Read on for the latest news in real estate in Wayne Nebraska and the surrounding communities as well as useful tips for buying and selling your home. Bonus features include a look into the good, the bad, and the ugly of homeownership as shared by blog author, homeowner, property manager, and real estate broker, Trisha Peters.
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Friday, March 2, 2012

Jimmy-Rigged

My husband and I left two weeks ago for a honeymoon trip to the National Farm Show in Louisville, KY (exotic, I know!)  We had our electrician lined up to wire our kitchen and back office with new outlets, GFCIs and recessed lighting while we were gone so we could proceed with drywall this week.  My brother was gracious enough to offer to help during the process and to make sure our plans were carried out to specification.  Our hope was to come home to a kitchen with a whole new look including recessed lighting and insulation.  Well, it definitely had a whole new look, alright!  Wood shavings, plaster cutouts, attic insulation, and a tangled mess of old wiring and electrical boxes greeted us in the kitchen.  In the defense of our electrician and my brother, they were working on a tight schedule.  To their credit, this turned into a way bigger job than any of us truly anticipated.  You see, our house is what I will call "jimmy-rigged."  We had lights in the bedrooms connected to outlets in the kitchen, and fixtures that were grounded while others were not.  The stove, fridge, dishwasher, disposal and kitchen lights were all on the same circuit.  I can just imagine that five years ago, the owners had to be careful not to have the kitchen lights on while cooking or else they would blow a fuse (OK, maybe not that extreme, but it is not a wiring system that would work for today's modern appliances and home computers.)  

Fast forward to this week where we have seen our drywall going up.  The third coat of drywall mud is going on the seams as we speak and the look of the house is really starting to change.  It is amazing how recessed lighting can modernize the look of any space.  We have almost every inch of flooring pulled out on the main floor, and we are working on getting the baseboards and trim pulled off in the rooms that didn't need new drywall.  New windows are coming next week along with the kitchen cabinets.  Once we get the green light that the drywallers are done, we will be pushing to get the kitchen and laundry area painted to stay ahead of the cabinet installers.  Don't be surprised if I'm sporting some paint highlights in my hair when you see me in the next couple of weeks!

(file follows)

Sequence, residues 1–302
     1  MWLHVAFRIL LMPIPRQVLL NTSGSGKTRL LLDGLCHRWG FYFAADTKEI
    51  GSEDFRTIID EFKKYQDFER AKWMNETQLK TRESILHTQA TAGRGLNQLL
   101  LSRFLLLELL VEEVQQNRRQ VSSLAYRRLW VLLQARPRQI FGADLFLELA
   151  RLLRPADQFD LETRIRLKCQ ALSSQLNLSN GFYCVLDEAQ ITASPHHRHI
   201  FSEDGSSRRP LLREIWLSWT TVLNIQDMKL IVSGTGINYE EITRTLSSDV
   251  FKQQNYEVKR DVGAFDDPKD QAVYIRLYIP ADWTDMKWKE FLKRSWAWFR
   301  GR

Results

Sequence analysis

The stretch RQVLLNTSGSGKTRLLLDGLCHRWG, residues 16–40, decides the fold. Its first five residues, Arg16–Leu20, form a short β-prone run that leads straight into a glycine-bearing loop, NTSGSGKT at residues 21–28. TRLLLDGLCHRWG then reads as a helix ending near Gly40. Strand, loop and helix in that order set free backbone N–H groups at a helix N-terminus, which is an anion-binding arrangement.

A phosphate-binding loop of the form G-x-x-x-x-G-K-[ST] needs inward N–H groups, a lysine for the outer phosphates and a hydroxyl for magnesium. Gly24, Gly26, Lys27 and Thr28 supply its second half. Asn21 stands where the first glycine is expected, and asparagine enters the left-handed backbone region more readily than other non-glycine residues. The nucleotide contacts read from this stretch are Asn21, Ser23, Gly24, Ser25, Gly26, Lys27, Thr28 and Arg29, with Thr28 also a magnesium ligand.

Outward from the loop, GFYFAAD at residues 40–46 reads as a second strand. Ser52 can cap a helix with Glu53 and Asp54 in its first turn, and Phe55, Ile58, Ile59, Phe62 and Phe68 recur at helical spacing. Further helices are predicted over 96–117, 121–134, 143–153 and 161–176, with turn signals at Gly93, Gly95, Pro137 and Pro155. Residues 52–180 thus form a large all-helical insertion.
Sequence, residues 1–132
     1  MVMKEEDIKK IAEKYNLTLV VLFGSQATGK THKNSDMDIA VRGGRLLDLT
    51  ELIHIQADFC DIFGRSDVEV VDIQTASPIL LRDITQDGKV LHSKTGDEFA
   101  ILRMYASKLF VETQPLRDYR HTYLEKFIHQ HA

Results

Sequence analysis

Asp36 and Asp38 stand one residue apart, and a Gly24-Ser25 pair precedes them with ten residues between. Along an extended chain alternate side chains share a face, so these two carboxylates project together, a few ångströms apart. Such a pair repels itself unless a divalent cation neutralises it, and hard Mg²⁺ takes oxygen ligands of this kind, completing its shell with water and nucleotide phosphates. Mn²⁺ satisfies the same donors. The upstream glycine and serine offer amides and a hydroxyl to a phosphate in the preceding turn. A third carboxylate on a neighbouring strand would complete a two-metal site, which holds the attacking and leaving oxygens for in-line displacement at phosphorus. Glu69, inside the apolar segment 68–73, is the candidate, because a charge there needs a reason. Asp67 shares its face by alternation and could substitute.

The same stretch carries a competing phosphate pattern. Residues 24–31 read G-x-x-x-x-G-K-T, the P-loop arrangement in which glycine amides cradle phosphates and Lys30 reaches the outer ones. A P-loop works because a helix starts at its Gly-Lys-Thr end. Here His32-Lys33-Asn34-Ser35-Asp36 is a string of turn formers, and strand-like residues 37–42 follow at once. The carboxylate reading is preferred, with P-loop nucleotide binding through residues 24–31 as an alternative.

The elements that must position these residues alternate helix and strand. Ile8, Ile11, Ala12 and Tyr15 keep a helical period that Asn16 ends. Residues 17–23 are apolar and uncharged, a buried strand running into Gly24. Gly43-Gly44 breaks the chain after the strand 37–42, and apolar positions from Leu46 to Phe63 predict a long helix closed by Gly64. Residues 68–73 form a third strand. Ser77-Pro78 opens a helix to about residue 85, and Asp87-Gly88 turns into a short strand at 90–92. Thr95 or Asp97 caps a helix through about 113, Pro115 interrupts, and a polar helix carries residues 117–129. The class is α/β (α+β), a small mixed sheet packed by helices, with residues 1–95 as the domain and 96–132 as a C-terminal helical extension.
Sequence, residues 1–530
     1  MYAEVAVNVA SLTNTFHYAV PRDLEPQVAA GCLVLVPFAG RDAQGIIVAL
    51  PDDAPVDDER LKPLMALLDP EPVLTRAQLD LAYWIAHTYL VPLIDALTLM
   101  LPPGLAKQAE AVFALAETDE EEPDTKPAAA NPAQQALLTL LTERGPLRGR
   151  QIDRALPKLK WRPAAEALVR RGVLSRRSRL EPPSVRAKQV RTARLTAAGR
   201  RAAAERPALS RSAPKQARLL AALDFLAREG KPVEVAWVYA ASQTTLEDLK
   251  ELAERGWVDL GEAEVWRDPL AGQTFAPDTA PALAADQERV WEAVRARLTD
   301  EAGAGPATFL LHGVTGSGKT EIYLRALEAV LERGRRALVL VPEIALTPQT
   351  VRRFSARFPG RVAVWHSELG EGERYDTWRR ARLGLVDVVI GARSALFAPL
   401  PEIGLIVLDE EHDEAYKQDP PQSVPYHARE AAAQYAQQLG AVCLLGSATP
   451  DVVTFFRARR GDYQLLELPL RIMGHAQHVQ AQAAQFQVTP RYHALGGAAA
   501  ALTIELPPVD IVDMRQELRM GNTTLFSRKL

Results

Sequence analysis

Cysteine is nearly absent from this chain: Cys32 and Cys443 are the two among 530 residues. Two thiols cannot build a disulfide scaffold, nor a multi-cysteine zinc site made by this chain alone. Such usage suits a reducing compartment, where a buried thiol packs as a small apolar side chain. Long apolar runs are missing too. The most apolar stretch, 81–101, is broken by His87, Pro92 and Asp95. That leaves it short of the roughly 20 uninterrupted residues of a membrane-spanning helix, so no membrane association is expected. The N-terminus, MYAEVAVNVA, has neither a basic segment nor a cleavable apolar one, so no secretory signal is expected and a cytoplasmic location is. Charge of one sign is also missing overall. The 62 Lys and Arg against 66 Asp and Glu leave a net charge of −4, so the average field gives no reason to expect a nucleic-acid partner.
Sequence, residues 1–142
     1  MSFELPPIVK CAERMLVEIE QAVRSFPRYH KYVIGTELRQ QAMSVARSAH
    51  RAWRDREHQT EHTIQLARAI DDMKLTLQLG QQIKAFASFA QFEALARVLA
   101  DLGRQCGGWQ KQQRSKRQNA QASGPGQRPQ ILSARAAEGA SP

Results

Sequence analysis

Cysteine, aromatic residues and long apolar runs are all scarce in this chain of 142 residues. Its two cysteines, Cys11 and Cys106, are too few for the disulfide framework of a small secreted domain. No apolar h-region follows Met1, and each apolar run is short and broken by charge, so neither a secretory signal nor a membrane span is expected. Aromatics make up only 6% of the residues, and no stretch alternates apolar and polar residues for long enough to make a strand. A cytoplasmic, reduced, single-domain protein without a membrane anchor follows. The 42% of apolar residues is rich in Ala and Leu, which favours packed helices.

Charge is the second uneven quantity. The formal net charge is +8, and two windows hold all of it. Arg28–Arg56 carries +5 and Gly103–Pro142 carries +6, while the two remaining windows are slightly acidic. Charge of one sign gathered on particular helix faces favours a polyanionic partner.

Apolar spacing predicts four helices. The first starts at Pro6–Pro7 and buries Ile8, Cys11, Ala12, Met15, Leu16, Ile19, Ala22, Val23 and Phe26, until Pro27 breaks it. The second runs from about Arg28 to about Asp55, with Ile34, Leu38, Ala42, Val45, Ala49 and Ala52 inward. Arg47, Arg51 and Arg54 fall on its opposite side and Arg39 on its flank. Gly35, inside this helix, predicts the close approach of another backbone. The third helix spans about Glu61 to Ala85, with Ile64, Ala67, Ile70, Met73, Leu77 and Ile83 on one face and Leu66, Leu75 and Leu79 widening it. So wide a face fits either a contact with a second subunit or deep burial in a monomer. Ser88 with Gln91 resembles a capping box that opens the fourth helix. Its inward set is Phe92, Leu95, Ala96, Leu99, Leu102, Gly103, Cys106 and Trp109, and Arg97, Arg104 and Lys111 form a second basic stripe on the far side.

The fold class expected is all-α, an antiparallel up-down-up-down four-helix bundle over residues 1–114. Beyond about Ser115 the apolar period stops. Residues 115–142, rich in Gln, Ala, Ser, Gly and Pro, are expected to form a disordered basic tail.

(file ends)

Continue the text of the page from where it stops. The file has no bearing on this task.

Now, comes the issue of where to stop with the trimwork.  We have one area of our kitchen where the carpet was literally glued to the plaster wall in the place of wood trim.  I scraped for an hour on that glu-ey, sticky mess last night trying to make it so the drywallers might be able to skim coat over it and even out the imperfections.  The rest of our existing trim was installed with an overabundance of 2.5 inch finish nails, which caused the brittle wood to split in several places as we were removing it and also left big holes in the plaster that isn't getting replaced.  We were warned that the fellow who built this house never intended for it to come apart, and that is no joke!  They should use our building materials to line the vault of Fort Knox! Unfortunately, trimming is tedious and exact work that requires precise cuts to get everything to fit just right. I'm going to warn everybody right now that our house will be the one that you come to 5 years from now to find that the trim still hasn't been installed.  We've all been there before!

For those of you who were concerned that you hadn't heard about the house for a couple of weeks, we are still alive and we are still married.  On a side note, I had the privilege of sharing my real estate experiences last weekend at a women's conference, and I think the attendees enjoyed hearing that we are all in the same boat when it comes to making a house a home.  The important thing to keep in mind is that these things don't happen overnight.  It is so rewarding to see the progress being made at home each and every day.  My husband even admitted earlier this week that he has stopped dreading coming home each night (I'm still not quite sure how to take that comment).  For the time being, I'm going to assume he means that although he loves his wife, it is hard to come home each night and be faced with the daunting task of putting a puzzle back together again while living at the mercy of contractors, deadlines and other commitments. ;)  Just remember, despite what happens each day, life does go on.  You'll get through it so long as you remember to take one step at a time and enjoy the little victories.  Welcome Home.

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